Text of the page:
The Australian Criminal Intelligence Commission (ACIC) decommissioned the National Firearms Licensing Registration System user interface in 2018-19, requiring law enforcement across the country to transition to the Australian Firearms Information Network (AFIN), which has been touted as a more sophisticated system that holds richer, higher quality data.
ACIC CEO Mike Phelan told senators on Monday that access to accurate data has been a problem the organization has faced in transitioning to AFIN and that given the mismatch of state, territory, and Commonwealth laws, end-to-end security could not be assured.
As AFIN data is sourced from partner agencies, data quality is a local management issue. Phelan was asked how the ACIC was ensuring data consistency.
“There’s no consistency in terms of any of the systems that we run when you run states and territories and a Commonwealth system. And that’s the difficulty of trying to run hybrid systems,” he said.
The AFIN is not governed by the federal government’s Information Security Manual as it has no jurisdiction or management authority for partner agencies ‘ local IT systems. Phelan was asked to comment on certain jurisdictions being “less than careful with the details of their own licensed firearm owners”.
“I know from time to time … private information leaks out of databases. That’s why we have an Information Commissioner, Privacy Commissioners, all these sorts of things — these things unfortunately happen,” he said. “But systems themselves, we try to make as tight as they possibly can.
“The reasons for disclosure of info, and I’m not just specifically saying firearms here, but the reasons for disclosure of information, depending on its character vary from state to state. And whilst it might seem self-evident that what you can disclose in Victoria, the same piece of information should be disclosed in New South Wales, that is not the case and we’re running into that.”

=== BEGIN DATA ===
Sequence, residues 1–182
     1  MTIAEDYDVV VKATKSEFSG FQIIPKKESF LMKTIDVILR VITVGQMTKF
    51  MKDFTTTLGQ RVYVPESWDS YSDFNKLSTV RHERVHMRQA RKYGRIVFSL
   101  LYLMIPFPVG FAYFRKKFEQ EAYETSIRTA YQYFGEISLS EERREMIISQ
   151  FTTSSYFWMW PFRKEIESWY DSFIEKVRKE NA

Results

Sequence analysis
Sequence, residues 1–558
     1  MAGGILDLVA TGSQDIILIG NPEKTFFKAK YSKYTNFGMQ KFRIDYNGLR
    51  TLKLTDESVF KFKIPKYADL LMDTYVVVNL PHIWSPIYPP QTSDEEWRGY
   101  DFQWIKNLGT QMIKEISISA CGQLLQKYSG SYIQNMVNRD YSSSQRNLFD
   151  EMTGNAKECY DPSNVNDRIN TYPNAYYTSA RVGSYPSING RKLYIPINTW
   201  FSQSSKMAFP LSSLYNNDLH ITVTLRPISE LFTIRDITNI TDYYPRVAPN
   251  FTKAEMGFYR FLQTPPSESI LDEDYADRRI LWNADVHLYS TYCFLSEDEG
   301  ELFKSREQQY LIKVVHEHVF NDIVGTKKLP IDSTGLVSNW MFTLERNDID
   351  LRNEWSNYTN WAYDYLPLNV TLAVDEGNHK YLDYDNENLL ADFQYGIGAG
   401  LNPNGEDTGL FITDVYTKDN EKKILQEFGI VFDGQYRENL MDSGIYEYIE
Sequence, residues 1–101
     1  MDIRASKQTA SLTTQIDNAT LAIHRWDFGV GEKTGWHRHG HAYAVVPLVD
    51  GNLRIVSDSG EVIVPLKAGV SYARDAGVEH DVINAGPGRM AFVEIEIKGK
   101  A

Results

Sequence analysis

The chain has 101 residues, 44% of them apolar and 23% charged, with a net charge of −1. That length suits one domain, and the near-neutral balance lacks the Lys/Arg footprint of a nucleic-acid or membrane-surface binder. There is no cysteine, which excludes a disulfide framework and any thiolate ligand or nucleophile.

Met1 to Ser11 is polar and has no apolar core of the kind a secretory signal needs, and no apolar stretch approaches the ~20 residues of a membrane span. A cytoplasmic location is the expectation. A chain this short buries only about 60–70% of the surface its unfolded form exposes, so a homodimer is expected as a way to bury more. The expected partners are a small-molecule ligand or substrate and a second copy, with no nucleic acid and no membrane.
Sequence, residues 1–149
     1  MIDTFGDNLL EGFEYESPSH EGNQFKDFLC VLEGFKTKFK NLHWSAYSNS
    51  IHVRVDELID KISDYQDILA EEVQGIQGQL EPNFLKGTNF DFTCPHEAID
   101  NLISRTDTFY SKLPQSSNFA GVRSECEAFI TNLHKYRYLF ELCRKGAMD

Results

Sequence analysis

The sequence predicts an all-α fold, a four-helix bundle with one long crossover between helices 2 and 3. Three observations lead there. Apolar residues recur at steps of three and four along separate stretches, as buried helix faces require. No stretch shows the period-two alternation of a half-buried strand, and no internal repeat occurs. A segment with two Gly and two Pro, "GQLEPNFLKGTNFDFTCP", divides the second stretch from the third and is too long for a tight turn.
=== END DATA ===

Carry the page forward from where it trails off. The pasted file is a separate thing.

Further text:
There are currently around 3 million firearms registered in systems across Australia. Phelan said there’s a data cleansing process that intends to clean as much of the data the ACIC gets from states and territories as it can, and provide them with information in relation to their own holdings.
“That itself is not an easy task to do,” he said. “And you can clean up the data as much as you can — everybody wants the data clean, so that you can make good tactical decisions if you need to, at the operational level rather than having to look at multiple pieces of information to make some sort of subjective judgment.”
Phelan said ACIC and its law enforcement partners are working through similar issues at the moment with the development of the National Criminal Intelligence System (NCIS).
The government has previously described the NCIS as a system that “will provide law-enforcement and intelligence agencies with a national repository of criminal intelligence and information”.
“It’s actually the jurisdictions that place on it the caveats of the information as to whether or not it can be used and accessed by individuals … and then we decide who gets it,” Phelan said. “It’s whoever provisions the information decides the restrictions upon that information and how it can be distributed. And then we handle the information management system.”
He said such a practice is consistent with all systems the ACIC monitors.
“Everything that we hold goes back out to the jurisdictions and then the jurisdictions determine their own assessment as to who has access to that information based upon the need to know principle or the need to use that information and it varies across states and territories,” he continued.
Although they have respectively provided data into AFIN, Victoria Police and the Australian Federal Police (AFP) are yet to begin using the system. Phelan said he was “fair dinkum” that VicPol’s timeline was pushed back due to COVID-related issues requiring the state police force to focus on other IT systems.News Source: ZD Net